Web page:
16 Jun 2023 | Professional golf |
Clayton: A scoring massacre may be what the game needs
by Mike Clayton
Ever since Ben Hogan brought “the monster” that was the 1951 US Open course, Oakland Hills, to its knees, the championship, as a rule, has been a brutal test of golf.
As famous as Hogan’s 1951 Open was, the 1974 "Massacre at Winged Foot" saw only two men, Hale Irwin, and Forrest Fezzler, better than 10-over-par.
The USGA followed a formula of narrowed fairways, high rough, greens running at the limits of their speed and they would turn shorter Par 5s to Par 4s to lower the par and make matching it difficult in the extreme.
It was one way to do it and it was in stark contrast to the width and absence of any long grass at Augusta and the necessarily wider fairways of the Open in Britain where US Open width fairways on links courses would make the game brutally difficult and dull to watch.
The opening day at Los Angeles Country Club was a shocker for anyone expecting a typical US Open, let alone anything resembling the test Hogan and Irwin survived.
Rickie Fowler and Xander Schauffele were around in 62 which broke the opening day record from 1980 when both Tom Weiskopf and Jack Nicklaus shot 63.
Wyndham Clark and Dustin Johnson were 64 and Rory McIlroy tied Rickie Ponting’s doppelganger, Brian Harmon, on 65. Even-par us tied for 38th.
Predictably the post-round television discussion between Brandel Chamblee and Paul McGinley focused on a discussion about the ball and the necessity to roll the distance it files back to a place where we don’t need 280-yard par 3s or 540-yard par 4s.
Rory McIlroy, a pro roll-back guy, reduced the opening par 5 to a driver and a seven iron after a tee shot finishing 382 yards from a tee played off the practice putting green.
Chamblee thinks the way forward is to somehow reinvent architecture because, whilst romantic, it’s silly to think the game can be played using philosophies “140-years-old” revolving around width and players being advantaged by finding the side of the fairway affording an easier line into the flag.
As McGinley pointed out, angles don’t matter much – or at all – when you’ve got a wedge in your hand and the greens aren’t close to being as firm as something the members find at Royal Melbourne for the Wednesday competition.
Chamblee invoked the oft-heard argument that the modern-day athletes are better and that they aren’t changing the design of basketball courts or baseball stadiums because the players are bigger, faster and stronger.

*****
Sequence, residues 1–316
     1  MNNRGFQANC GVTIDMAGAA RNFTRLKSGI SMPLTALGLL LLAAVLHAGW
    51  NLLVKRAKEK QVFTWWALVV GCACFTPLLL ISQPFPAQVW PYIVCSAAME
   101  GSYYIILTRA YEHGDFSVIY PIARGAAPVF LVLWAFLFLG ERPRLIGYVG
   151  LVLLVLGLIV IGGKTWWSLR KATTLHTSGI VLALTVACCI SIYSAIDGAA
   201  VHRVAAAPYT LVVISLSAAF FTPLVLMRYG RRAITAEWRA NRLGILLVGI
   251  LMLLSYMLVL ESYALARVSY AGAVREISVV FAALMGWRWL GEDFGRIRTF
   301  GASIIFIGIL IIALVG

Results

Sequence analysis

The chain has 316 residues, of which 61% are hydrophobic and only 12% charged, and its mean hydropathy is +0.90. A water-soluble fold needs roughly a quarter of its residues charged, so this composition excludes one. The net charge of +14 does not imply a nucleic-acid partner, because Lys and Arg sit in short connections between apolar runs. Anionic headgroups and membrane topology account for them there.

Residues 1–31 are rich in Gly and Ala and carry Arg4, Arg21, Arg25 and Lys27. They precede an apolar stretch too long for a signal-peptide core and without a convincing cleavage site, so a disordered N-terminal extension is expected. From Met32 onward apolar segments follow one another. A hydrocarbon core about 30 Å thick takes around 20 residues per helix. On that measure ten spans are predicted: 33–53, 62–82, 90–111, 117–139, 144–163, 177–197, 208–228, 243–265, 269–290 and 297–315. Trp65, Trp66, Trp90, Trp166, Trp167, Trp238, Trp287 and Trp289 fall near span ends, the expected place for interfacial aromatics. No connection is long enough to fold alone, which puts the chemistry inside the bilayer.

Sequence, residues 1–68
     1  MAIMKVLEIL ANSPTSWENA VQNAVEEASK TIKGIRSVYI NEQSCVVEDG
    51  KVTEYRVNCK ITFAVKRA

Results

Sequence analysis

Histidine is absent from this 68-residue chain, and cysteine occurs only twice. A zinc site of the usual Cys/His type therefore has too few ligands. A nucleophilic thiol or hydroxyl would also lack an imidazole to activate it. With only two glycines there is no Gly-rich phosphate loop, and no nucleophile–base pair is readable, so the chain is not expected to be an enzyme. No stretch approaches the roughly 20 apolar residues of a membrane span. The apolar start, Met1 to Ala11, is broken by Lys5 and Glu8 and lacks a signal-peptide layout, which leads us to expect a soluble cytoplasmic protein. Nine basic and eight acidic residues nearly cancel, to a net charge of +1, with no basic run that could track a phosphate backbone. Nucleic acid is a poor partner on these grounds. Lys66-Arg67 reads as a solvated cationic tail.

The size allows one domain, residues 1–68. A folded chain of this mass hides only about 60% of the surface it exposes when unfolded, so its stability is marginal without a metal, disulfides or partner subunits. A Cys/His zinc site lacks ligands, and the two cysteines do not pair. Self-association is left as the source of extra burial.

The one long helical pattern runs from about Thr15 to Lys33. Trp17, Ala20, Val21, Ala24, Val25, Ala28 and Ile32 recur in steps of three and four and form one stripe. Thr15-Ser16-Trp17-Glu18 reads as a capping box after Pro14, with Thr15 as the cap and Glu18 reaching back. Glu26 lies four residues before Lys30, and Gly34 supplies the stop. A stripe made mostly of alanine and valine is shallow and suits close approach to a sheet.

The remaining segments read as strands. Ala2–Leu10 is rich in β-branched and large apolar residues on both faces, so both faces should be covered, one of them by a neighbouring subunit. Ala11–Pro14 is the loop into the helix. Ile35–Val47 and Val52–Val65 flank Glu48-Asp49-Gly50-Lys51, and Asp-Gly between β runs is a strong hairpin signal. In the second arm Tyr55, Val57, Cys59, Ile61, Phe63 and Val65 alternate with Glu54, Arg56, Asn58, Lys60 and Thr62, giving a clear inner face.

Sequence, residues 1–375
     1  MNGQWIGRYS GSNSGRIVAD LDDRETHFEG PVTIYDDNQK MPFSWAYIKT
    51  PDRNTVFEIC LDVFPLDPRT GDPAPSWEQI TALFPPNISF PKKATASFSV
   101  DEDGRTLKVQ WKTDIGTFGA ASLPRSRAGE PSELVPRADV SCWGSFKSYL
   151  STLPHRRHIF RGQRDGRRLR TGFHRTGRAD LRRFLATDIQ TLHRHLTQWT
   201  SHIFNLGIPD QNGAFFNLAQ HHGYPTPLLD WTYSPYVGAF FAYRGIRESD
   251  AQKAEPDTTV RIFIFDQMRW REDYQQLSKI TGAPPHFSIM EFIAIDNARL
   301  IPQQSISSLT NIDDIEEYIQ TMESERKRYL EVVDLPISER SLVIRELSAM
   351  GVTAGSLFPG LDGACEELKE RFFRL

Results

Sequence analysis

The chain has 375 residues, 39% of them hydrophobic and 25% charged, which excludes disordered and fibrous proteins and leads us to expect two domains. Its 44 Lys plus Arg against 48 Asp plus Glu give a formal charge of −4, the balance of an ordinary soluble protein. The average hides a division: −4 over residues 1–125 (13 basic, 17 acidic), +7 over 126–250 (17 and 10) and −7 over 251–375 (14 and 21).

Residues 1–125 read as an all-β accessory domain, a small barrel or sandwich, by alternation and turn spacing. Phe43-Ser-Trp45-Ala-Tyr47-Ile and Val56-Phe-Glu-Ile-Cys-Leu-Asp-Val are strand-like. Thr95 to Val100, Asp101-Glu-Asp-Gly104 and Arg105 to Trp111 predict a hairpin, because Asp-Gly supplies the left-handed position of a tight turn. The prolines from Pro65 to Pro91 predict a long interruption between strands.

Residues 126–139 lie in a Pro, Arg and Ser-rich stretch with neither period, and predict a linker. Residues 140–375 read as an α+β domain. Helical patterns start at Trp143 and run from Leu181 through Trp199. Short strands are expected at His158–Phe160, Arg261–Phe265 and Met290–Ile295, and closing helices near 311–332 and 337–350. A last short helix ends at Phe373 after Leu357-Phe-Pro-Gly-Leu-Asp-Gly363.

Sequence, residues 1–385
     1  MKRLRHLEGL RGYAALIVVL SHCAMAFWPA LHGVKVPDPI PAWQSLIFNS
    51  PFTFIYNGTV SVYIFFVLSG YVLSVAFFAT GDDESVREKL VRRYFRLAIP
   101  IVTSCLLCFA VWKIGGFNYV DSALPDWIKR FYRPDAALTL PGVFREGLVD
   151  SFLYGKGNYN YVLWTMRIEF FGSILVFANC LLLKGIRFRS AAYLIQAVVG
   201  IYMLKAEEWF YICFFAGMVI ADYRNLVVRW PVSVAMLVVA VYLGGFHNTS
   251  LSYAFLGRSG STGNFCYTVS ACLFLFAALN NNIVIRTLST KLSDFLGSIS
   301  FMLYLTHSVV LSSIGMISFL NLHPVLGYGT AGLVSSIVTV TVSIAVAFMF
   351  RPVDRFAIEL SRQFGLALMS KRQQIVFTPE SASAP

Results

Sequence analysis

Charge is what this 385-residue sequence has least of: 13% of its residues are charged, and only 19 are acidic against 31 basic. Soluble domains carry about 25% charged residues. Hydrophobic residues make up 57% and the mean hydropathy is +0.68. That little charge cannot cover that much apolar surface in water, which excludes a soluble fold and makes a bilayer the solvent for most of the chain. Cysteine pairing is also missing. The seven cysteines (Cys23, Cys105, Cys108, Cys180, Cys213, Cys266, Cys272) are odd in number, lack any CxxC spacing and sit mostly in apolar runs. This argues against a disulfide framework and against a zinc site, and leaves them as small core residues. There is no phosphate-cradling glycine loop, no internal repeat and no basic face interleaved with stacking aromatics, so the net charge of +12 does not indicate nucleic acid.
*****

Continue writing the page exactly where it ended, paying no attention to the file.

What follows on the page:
Maybe – but courts and ovals aren’t pieces of architecture designed to ask as wide a variety of questions as a golf course.
Call it "romantic" if you like but why is it necessary to make a hole 540 yards long to ask a player to hit a middle iron into a green? Or a par 3 270 yards before they, maybe, have to hit a fairway wood? As leader Schauffele noted after he was finished “It’s rare to have to hit furniture (wood) into a par 3.”
Chamblee also decried the modern trend of removing trees and how that’s made the game too easy.
Aside from responsible tree removal (after decades of irresponsible planting) massively improving courses in this era, Chamblee’s argument it fails to address what happens at links courses where trees were never a part of the original game. Or on our best courses which, whilst tree-lined, were never dependent on trees for strategy or punishment for a wild drive.
Either way, the USGA will move tees back, find some more difficult places to cut the hole and hope the wind and the sun dry the course out a little. And whilst the USGA say they don’t care what the winning score might be, the last thing they want is 20-under winning their championship.
Or maybe a Massacre at LACC is exactly what the game needs to highlight the absurdity of the modern equipment and what it’s done to the game’s greatest courses and how they play.
No better is it exemplified than at Winged Foot’s par 4 18th hole where, in 1974, Irwin hit the 72nd green with a driver and a 2 iron. Ten years later Greg Norman hit a 6 iron and in 2006 Geoff Ogilvy went with a 9 iron.
Even Brandel would agree the 2 iron approach was the ultimate test of skill – and the irony is Irwin was the only one of the trio to hit the green.
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